Both the deluded, forgotten silent-film star Norma Desmond, played by Gloria Swanson, and her creepy butler Max, played by Erich von Stroheim, sometimes behave as if they are in a horror movie. And the film’s main character, the thwarted writer turned boy-toy Joe Gillis, played by William Holden, narrates the story in a style that would make Sam Spade and Philip Marlowe smile with recognition.

But beneath the surface caricature of each of these characters are moving, complex human qualities that give “Sunset Boulevard” its force and its greatness. And the force of the movie begins with Norma Desmond.

Norma Desmond: A Woman Destroyed by Hollywood

Norma Desmond has been broken in that particular way Hollywood breaks people, by persuading them to trade their humanity for stardom. She was once worshipped by millions. As “Sunset Boulevard” opens, she has been forgotten for years and lives alone in a decaying mansion.

Norma Desmond has almost no identity left outside of her movies and the photographs of herself that are everywhere in her home. She is an example, as Cecile B. DeMille says in the film, of how “a dozen press agents working overtime can do terrible things to the human spirit.”

Norma seems incapable of forming a meaningful relationship with another human being, and almost hollowed out of humanity.

Almost, but not quite. Norma Desmond is imperious, deluded. She treats every interaction with another person as if it were a scene in a silent movie, with the grand exaggerated expressive gestures actresses used before sound came to film.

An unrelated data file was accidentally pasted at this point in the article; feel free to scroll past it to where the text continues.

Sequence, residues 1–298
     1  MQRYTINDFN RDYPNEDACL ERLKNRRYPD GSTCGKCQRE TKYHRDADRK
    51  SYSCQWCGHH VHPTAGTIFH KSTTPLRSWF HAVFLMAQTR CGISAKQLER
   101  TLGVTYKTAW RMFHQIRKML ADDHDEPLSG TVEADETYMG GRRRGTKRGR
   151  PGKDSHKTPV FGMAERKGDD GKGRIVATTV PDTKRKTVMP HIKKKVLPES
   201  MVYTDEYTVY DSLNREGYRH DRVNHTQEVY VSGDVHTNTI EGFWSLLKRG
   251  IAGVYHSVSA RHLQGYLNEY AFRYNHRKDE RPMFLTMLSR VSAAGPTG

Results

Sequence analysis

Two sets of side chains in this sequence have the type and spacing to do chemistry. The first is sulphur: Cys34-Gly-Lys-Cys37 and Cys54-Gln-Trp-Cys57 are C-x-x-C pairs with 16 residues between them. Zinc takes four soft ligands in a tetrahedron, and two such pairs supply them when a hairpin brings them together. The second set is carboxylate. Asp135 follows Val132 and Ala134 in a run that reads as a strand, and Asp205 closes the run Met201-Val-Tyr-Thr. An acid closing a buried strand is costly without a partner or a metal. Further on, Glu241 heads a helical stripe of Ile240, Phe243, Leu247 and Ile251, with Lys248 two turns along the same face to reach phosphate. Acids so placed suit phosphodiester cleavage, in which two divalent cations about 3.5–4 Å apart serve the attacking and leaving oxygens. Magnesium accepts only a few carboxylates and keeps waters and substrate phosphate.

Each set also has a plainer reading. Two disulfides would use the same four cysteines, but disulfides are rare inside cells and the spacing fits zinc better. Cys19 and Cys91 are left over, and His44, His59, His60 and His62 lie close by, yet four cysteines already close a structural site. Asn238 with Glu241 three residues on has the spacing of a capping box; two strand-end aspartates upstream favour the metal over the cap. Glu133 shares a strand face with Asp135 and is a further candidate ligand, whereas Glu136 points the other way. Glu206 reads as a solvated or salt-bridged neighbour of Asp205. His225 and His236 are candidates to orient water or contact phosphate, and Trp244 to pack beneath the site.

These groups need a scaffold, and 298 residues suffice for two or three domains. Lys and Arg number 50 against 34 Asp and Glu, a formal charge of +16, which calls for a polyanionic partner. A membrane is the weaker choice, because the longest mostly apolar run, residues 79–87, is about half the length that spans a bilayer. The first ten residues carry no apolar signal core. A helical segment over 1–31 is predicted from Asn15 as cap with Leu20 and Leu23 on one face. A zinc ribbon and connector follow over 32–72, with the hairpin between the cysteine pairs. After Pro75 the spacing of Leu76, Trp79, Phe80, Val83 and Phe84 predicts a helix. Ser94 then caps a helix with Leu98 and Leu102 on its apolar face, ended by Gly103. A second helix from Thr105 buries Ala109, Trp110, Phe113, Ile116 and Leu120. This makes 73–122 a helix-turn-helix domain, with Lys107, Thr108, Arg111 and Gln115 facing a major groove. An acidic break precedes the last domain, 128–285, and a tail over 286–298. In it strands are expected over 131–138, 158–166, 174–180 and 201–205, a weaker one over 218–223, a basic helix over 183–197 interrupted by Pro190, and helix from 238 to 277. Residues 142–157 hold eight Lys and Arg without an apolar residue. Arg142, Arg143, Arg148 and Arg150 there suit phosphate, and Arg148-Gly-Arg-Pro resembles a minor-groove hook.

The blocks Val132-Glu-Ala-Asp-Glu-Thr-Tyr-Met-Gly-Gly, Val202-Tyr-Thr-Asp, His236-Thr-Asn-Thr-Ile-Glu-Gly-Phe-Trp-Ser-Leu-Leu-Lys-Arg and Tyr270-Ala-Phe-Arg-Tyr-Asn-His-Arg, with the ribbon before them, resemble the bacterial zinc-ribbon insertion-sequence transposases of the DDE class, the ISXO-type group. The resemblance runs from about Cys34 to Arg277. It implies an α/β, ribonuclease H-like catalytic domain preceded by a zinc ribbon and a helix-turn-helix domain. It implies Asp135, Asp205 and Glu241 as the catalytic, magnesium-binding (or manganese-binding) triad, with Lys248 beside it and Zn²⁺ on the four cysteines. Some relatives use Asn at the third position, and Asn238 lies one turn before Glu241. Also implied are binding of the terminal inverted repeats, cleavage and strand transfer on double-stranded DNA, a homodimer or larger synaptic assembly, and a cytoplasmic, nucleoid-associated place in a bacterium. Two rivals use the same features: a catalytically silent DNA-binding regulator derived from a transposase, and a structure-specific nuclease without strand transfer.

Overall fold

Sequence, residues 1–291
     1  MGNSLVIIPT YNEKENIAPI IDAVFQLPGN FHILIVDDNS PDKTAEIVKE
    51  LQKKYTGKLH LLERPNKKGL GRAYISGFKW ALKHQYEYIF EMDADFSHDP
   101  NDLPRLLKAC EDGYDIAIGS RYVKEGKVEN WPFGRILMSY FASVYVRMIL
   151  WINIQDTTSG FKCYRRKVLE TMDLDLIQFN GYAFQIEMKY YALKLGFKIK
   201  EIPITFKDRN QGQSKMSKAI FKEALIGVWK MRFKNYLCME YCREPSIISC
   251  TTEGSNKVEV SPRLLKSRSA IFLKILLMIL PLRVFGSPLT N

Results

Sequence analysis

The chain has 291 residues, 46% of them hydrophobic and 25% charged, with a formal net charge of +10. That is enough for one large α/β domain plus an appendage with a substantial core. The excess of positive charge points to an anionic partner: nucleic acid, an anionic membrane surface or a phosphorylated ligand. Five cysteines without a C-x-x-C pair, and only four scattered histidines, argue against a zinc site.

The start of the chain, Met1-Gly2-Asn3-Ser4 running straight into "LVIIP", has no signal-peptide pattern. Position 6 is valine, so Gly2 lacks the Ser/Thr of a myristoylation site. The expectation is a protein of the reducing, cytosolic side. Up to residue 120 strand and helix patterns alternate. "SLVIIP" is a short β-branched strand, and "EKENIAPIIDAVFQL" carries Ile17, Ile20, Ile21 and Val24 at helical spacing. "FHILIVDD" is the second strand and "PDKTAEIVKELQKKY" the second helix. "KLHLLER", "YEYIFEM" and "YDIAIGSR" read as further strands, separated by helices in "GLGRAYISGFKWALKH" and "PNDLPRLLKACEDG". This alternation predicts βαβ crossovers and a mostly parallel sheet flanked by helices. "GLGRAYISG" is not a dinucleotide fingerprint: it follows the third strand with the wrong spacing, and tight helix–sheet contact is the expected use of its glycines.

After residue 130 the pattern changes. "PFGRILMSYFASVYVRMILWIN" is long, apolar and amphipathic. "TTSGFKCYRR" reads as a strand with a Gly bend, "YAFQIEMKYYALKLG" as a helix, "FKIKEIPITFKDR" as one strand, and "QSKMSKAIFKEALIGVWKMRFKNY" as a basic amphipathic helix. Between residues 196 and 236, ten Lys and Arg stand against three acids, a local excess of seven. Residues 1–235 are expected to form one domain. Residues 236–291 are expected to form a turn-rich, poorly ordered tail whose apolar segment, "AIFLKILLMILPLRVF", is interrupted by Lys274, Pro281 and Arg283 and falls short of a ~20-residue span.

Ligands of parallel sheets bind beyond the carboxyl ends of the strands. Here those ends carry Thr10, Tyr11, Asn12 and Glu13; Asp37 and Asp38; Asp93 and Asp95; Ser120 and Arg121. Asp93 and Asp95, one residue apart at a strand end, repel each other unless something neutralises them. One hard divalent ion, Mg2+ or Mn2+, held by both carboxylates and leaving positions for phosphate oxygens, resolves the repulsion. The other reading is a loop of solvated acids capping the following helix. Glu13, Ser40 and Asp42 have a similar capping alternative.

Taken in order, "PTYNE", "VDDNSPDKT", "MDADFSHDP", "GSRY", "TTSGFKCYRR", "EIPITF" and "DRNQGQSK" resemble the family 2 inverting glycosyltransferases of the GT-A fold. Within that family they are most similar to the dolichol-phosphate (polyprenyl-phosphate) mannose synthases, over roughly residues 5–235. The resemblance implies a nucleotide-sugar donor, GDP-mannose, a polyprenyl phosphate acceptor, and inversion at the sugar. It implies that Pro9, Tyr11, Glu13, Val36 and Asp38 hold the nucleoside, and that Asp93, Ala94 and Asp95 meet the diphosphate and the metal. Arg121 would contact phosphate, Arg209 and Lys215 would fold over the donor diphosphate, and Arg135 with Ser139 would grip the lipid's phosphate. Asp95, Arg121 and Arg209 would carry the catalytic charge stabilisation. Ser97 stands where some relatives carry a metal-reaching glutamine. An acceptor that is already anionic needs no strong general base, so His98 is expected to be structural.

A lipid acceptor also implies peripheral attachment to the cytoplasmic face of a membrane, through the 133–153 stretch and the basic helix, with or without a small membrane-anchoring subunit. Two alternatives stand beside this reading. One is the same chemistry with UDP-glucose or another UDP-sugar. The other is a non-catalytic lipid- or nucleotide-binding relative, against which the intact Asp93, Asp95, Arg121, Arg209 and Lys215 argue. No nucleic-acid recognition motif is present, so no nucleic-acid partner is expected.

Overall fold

But Norma Desmond is still human enough to be desperately (even pathetically) lonely; still human enough in her despair to attempt suicide; still human enough to command the sympathy and devotion of the only two people who care about her at all: Joe Gillis and her butler, Max.

Max Von Mayerling: Sinister Servant, Selfless Friend

Max Von Mayerling may be the most intriguing character in “Sunset Boulevard” because, at first, he seems the most preposterous.

Wilder makes Max a horror movie sidekick, the “Igor” of “Sunset Boulevard” – going as far as to have him play Bach’s “Tocata and Fugue in D Minor” on the mansion’s organ . Wilder reinforces this idea by shooting Norma Desmond in a way that makes her look like the Bride of Frankenstein in several scenes.

Max becomes more preposterous when we learn his back story. He was the director who made Norma Desmond a star as a teenager and who became her first husband. He begged to return to her because life without her, as he tells Joe Gillis, was “unbearable”.

So by all the facts, we should see Max as a creepy stalker-ex-husband with twisted, selfish motives.

But I don’t think this true because I can’t answer one question: “What’s in it for Max?”

Max has turned himself into Norma Desmond’s servant and she treats him like one. He gets no affection or respect from her. Max works tirelessly to maintain Norma’s belief she is still a star. He delivers her every wish, including to help her trap Joe Gillis the way a spider traps a fly.